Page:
|Publication number||US5022395 A|
|Application number||US 07/376,511|
|Publication date||Jun 11, 1991|
|Filing date||Jul 7, 1989|
|Priority date||Jul 7, 1989|
|Also published as||CA2020567A1, CA2020567C, DE69025992D1, DE69025992T2, EP0406830A2, EP0406830A3, EP0406830B1|
|Publication number||07376511, 376511, US 5022395 A, US 5022395A, US-A-5022395, US5022395 A, US5022395A|
|Inventors||Renold J. Russie|
|Original Assignee||Cardiac Pacemakers, Inc.|
|Export Citation||BiBTeX, EndNote, RefMan|
|Patent Citations (9), Referenced by (89), Classifications (5), Legal Events (4)|
|External Links: USPTO, USPTO Assignment, Espacenet|
The present invention relates to a microprocessor based implantable cardiac device, and more specifically to a microprocessor system having dual clock control to reduce the current drain of the microprocessor.
In implantable devices, such as implantable pacemakers and defibrillators, it sometimes is appropriate to provide a plurality of timing signals at various frequencies. For example, a single clock frequency can be chosen to drive a set of continuously clocked timers and the microprocessor in the implantable device, and the microprocessor can be capable of assuming either a sleep mode or a run mode. The run mode could be triggered by one of a plurality of presettable timers timing out, the occurrence of an asynchronous event such as an R-wave sense, telemetry interrupt information, etc. However, a single clock system does not provide the optimal frequency for driving either the microprocessor or each of the individual timers.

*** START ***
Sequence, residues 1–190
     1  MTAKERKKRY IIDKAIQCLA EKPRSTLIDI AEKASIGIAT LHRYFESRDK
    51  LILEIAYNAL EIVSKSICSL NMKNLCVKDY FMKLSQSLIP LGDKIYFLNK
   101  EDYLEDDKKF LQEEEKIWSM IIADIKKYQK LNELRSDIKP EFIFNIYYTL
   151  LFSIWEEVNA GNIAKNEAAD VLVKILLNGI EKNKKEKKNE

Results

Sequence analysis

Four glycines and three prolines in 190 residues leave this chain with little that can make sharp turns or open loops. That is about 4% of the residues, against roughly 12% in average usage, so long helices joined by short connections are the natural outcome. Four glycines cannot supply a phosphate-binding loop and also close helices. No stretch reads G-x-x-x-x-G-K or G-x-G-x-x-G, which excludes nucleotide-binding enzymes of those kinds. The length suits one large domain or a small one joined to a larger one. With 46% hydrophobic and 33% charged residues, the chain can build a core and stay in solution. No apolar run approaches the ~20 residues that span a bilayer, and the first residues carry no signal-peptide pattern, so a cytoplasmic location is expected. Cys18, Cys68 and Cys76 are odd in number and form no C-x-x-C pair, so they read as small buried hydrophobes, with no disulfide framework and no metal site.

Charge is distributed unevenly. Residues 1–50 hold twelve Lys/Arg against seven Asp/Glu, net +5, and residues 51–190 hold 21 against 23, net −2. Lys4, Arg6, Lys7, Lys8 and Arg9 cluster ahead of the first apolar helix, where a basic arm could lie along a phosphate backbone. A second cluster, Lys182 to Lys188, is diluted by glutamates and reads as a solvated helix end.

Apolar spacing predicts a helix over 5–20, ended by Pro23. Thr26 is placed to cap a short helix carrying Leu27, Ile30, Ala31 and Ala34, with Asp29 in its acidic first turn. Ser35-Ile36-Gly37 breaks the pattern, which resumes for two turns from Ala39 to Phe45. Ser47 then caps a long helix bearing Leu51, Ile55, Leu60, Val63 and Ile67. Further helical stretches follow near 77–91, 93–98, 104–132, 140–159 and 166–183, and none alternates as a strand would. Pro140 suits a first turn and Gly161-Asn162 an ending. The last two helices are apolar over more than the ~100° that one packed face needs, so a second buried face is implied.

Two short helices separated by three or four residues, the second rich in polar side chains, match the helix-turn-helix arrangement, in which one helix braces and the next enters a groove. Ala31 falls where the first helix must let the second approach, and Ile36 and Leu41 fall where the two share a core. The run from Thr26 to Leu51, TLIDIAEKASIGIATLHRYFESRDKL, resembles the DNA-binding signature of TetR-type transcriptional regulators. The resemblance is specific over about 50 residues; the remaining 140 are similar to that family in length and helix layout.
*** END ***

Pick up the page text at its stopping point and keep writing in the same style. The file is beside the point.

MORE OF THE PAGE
Specifically, in such systems, the frequency provided to the timers generally would be too high, if taken directly from the clock source. Therefore, the source clock signal must be divided down to drive the various presettable timers, such as for example, timing the various intervals in a pacing algorithm. This frequency division of the source clock signal is a waste of power.